Artist Profile: Emily Green

Williamsport native Emily Green will have her works on display at Barrel 135, 135 W. Third St., for the month of November. Green holds a bachelor’s degree in fine arts from Alfred University and has been featured as an Artist in Residence at the Pajama Factory. She also has been commissioned to make costumes and props for St. John’s School of the Arts Dance Ensemble.

On her growth as an artist, Green said, “I have been making work for what seems like forever. Don’t most people who end up very hungry artists? We had a kiln in the basement of my home when I was small, so I started working with clay, paint, beads and the like with my mother from the time I was about a year old. My family has always been wonderfully supportive of me in this area, especially my father who didn’t blink an eye when I told him I wanted to go to art school. He was never upset when I made a mess of paint or glue or glitter.”

Green has 13 works on display at Barrel 135.  “My family and friends are of course enthusiastic for me, but they may be just the slightest bit biased. Working with Barrel as been great. They have a beautiful space and a very convenient system for hanging work, and told me to basically do whatever I wanted for my show. It was a delight to put my pieces up there,” Green explained.

“I think the purpose of art is to tell stories,” continued Green. “We all have stories, but some of us are better with images than we are with words. What I hope for when someone views my work is that they go on a personal journey. That is to say, that they look at the piece and find it relates to them in some way, it speaks to a shared experience, and they travel through that time again when they look. Even if they hate my work, at least I will have reached someone in some way. Work that evokes no response is a failure.”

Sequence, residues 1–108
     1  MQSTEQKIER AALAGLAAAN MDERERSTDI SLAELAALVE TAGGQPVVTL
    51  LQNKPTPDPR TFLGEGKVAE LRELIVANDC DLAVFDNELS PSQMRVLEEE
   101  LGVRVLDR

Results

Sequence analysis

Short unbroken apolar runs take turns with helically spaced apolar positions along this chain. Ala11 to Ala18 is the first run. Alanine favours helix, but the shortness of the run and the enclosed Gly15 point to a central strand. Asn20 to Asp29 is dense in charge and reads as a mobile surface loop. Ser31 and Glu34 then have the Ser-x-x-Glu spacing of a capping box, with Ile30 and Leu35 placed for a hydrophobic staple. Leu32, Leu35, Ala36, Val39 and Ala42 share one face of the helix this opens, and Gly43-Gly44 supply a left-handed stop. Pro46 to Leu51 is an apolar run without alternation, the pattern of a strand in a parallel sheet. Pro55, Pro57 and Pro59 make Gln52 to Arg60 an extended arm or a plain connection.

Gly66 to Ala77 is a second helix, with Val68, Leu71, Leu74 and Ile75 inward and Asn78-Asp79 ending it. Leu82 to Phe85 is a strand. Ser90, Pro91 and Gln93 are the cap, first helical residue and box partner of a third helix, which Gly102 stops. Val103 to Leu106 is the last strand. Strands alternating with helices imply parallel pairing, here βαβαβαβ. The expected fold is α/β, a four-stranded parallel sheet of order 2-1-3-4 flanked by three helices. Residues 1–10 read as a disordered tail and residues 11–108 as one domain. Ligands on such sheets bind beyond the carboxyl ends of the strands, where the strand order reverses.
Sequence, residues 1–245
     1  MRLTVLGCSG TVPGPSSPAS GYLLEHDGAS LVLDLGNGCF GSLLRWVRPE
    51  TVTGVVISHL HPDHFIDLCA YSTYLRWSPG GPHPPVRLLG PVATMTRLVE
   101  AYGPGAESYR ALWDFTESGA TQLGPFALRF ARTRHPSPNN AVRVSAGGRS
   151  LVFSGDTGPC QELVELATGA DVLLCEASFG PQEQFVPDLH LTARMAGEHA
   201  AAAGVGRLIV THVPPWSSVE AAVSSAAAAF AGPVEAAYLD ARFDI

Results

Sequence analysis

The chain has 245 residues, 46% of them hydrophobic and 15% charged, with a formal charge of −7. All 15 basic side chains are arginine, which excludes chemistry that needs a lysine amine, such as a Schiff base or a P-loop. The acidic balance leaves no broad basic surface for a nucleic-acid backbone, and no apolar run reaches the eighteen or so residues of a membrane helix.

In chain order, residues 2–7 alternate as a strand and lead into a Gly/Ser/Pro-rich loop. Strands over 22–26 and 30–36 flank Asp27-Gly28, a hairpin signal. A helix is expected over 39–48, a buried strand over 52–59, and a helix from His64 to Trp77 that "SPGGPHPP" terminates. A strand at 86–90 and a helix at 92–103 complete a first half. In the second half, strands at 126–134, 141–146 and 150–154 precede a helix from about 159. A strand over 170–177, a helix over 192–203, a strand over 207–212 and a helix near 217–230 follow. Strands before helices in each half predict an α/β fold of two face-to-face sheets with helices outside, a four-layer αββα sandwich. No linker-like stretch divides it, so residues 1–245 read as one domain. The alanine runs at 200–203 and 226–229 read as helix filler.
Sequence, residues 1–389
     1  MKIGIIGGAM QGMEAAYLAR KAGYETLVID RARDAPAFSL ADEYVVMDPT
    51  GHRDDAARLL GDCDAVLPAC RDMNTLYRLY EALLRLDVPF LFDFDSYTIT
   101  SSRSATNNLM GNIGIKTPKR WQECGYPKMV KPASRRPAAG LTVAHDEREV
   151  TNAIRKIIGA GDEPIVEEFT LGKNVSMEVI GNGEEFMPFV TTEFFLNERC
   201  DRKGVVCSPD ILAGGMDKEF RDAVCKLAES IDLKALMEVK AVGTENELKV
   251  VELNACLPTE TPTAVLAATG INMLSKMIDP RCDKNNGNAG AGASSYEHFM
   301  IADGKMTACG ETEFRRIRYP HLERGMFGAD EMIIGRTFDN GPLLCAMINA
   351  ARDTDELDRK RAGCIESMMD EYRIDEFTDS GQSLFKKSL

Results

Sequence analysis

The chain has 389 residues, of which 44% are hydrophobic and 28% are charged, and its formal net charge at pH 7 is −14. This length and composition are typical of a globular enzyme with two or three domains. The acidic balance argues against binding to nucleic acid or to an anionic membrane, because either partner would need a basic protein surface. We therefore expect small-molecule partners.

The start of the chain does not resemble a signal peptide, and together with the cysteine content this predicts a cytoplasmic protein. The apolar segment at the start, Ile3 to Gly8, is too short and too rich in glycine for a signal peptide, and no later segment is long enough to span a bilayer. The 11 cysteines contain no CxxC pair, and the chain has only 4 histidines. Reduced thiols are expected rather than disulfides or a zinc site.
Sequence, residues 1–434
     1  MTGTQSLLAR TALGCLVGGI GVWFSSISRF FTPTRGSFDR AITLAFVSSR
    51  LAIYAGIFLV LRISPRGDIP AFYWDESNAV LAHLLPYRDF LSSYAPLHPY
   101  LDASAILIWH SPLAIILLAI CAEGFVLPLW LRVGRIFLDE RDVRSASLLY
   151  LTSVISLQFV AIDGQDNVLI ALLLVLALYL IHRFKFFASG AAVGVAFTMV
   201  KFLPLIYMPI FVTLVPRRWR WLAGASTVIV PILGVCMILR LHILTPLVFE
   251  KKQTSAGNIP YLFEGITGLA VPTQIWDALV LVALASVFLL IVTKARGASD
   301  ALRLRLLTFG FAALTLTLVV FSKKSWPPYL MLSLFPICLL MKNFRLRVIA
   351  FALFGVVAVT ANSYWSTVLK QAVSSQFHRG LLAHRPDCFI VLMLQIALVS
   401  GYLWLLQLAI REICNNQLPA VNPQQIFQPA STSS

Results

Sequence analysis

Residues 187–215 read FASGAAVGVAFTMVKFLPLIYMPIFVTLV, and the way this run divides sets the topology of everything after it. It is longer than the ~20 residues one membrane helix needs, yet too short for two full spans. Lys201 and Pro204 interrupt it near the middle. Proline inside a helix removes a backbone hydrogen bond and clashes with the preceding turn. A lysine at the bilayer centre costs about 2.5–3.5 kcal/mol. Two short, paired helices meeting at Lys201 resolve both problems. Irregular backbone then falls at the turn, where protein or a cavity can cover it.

Green loves history and finds many sources of inspiration in the past.  “Marc Chagall has always been a favorite of mine, from the time I played the Masterpiece board game as a child. His colors and the freedom of his narratives enthrall me,” she said. “Another is Acoma potter, Lucy Lewis. I love everything about her, her wonderful face, the way she dressed and of course her gorgeous pottery. But more than that, I honor the work she did to reclaim a disappearing part of her culture. I think I’ve watched the documentary about her at least five times.”

Green’s work will be on display at Barrel 135 for the month of November, and she will be participating in seasonal craft shows including the Holiday Market at the Pajama Factory.

She also will be working on the set for Williamsport Area High School’s spring musical.